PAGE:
Today is the birthday of Julie Johnson, who until recently was the editor of All About Beer magazine, headquartered in Durham, North Carolina. Julie is without a doubt one of the nicest people in the industry and a pleasure to work with. Plus she likes odd little German trolls almost as much as I do. Hers is pink, mine’s silver. Don’t ask — or do, if you’d like a long, rambling travel story. Join me in wishing Julie a very happy birthday.
Today’s beer film is a short break from featuring the Michael Jackson Beer Hunter series, which will conclude tomorrow. Because it’s April 1, our video today is one from my friend and colleague Marty Jones about Cask Brewing Systems — the Canadian company that started microcanning — and their latest innovation: the Self-Refilling Beer Can (SRBC). According to the press release, “The SRBC is a unique Cask invention that enables consumers to refill empty beer cans with the beer that was originally packaged in the SRBC.”
More from the press release:
The can has the potential to significantly change the canned craft beer segment.
“We’ve been providing innovative equipment to craft brewers since the 1980s,” says Cask president and founder Peter Love. “We’ve also been helping craft canners since 2002. But this may be the most innovative thing we’ve ever done.”
“For years,” Love says, “we’ve touted the fact that aluminum cans are infinitely recyclable. Now we can say they are infinitely refillable.”
The can was developed at Cask’s brewing research laboratory with the help of Professor Phelyx, a Denver, Colorado microcanning scientist.
“This can has incredible benefits for craft brewers,” Phelyx says. “The Self-Refilling Beer Can allows breweries to increase their beer production without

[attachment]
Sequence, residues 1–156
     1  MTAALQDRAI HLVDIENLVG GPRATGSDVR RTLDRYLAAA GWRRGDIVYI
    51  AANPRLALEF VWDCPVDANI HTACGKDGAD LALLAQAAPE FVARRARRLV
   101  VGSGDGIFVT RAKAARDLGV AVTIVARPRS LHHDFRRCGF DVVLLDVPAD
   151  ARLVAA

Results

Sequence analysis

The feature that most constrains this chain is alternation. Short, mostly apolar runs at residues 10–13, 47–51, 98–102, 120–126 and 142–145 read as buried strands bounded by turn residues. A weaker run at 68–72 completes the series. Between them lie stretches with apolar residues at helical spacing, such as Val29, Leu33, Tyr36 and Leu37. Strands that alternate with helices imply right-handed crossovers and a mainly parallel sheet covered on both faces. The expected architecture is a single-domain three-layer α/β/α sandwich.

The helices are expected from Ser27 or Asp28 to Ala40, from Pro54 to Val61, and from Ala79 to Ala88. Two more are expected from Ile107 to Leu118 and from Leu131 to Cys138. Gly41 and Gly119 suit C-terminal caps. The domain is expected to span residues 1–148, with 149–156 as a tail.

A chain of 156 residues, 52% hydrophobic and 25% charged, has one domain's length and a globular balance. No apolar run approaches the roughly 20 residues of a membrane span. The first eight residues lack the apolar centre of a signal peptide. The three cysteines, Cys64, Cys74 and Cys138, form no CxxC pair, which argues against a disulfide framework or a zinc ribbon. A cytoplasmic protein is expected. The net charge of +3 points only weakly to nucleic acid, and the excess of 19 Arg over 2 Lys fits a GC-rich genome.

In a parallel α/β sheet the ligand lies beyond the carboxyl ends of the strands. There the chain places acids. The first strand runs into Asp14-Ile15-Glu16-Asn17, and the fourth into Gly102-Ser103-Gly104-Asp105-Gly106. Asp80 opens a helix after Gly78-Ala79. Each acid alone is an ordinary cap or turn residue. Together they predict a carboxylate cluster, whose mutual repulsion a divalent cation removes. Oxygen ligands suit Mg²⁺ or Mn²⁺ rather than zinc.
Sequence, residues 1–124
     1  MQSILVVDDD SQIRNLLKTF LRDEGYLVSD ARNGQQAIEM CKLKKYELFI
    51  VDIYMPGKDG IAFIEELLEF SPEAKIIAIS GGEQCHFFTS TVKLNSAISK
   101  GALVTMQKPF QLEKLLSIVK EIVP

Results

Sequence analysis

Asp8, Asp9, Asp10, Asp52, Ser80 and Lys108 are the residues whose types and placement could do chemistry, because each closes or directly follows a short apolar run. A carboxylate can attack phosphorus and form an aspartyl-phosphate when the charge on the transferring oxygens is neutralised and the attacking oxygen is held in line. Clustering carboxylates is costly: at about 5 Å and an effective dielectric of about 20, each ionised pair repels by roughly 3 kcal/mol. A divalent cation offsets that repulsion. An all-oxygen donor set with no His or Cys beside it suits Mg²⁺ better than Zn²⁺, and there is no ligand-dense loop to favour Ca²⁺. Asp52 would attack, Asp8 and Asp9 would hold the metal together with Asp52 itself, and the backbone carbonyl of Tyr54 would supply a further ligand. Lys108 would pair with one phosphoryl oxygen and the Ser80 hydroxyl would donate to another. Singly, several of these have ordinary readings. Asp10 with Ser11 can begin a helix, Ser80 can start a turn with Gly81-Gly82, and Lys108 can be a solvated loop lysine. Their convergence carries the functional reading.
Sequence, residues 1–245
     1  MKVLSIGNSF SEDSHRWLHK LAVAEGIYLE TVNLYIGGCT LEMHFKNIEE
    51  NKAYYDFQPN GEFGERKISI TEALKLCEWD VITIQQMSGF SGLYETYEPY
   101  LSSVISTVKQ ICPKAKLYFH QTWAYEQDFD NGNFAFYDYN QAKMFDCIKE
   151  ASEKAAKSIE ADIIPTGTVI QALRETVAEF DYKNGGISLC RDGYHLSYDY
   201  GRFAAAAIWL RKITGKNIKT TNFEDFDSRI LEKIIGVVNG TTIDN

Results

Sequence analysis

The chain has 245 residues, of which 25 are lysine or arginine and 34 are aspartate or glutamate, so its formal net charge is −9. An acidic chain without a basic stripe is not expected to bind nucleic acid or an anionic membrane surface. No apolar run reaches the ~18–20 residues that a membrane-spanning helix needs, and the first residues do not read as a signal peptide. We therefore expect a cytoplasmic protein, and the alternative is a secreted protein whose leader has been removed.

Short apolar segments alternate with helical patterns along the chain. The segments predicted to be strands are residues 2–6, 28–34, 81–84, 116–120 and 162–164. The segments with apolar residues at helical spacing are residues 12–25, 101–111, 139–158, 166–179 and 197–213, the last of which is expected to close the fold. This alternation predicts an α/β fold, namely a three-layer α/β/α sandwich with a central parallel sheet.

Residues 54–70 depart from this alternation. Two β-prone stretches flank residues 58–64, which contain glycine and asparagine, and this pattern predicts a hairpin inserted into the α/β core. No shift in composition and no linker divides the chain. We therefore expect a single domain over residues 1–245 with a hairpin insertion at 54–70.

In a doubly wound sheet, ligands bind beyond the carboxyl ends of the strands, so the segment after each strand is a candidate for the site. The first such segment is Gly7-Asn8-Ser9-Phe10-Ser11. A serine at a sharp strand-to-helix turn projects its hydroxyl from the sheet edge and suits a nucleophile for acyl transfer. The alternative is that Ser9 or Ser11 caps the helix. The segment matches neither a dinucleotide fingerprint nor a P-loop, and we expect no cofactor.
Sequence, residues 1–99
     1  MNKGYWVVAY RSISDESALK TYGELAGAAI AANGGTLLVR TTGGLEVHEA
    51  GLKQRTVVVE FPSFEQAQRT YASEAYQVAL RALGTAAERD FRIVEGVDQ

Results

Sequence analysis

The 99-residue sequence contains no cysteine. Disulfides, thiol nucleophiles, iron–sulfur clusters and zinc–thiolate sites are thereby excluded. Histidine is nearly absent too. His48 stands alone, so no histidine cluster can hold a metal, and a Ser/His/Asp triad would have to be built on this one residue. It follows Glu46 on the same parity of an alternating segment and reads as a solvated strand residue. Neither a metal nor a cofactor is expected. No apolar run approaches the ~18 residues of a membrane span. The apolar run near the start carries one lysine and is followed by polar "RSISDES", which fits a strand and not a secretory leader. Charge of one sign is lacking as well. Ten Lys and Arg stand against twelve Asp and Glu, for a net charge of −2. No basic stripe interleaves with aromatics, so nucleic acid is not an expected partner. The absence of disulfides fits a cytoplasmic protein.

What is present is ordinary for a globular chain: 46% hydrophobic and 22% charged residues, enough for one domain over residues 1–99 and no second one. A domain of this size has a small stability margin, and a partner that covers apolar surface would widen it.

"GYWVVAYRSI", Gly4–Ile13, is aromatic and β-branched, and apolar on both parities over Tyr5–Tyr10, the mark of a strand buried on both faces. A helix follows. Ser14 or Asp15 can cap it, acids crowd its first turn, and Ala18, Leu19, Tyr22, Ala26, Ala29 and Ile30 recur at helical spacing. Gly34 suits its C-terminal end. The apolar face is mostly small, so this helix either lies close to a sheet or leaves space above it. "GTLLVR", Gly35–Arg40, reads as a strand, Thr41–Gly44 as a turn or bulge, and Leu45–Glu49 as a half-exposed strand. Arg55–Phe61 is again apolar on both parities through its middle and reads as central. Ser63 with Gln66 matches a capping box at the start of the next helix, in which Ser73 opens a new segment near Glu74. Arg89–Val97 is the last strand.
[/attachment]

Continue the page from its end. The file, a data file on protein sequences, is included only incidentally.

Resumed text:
having to actually produce more beer.”
To create the SRBC, Phelyx and Cask experts first created a unique resealing mechanism called the Lid Occlusion Lock (LOL) that reseals an opened can when the consumer gently rubs the can’s opening with their finger.
Once the lid is resealed, the beer drinker then lightly shakes the can to activate the In-Can Brewing System (ICBS) that then “rebrews” the original beer that was packaged in the can.
“Perfecting the ICBS was the crucial step in creating the Self-Refilling Beer Can,” Phelyx notes. “Once we were able to make that work, the Self-Refilling Beer Can went from a dream to a reality.”
In addition to providing a lifetime of craft beer to consumers, the SRBC has other benefits.
“It will quickly shrink the packaging costs for our customers,” says Cask’s Jamie Gordon, “and eliminate any waste from dented cans prior to filling. It could eliminate the need for beer can recycling, too.”
The initial response from retailers to the SRBC has not been favorable. “The lost sales alone would be devastating to my industry,” says Ron Vaughn, of Denver, Colorado’s Argonaut Wine & Liquor. “We don’t want to see it in the market.”
To address these concerns, Cask is developing a royalty system that will compensate retailers for any losses from the SRBC.
Cask officials are releasing the first samples of the SRBC to the craft brewing industry on Tuesday, April 1.
Cask officials are not divulging the price of the cans.
Cask Brewing Systems invented the beer industry’s first microcanning equipment in 2002. Cask now supplies a range of affordable, compact, high-performance canning systems to small-scale breweries and packagers worldwide.
Cask has installed over 300 canning lines in 20 countries, and is the official supplier of Ball Corporation printed aluminum cans for its Cask customers.
Today’s beer film is the fifth of Michael Jackson’s six-part series, The Beer Hunter, that he did for Channel 4 (UK) and the Discovery Channel here in 1989. Since last Thursday was the birthday of Michael Jackson, it seemed like a good time to pull out the classics. Episode 5 is Burgundies of Belgium.
Today’s beer film is a commercial for a Dutch beer, Bavaria Beer, in this case for their Radler. The hilarious spot imagines that Elvis Presley is not dead, but today lives on a desert island along will fellow not dead celebrities Tupac Shakur, Kurt Cobain, Bruce Lee and Marilyn Monroe. When a ship wanders close, with practiced ease they sound they alarm and strike the set, so there’s (almost) nothing to see as the ship speeds by, training their binoculars on the now empty-looking beach. Luckily, you don’t really need to know Dutch to figure out what’s going on.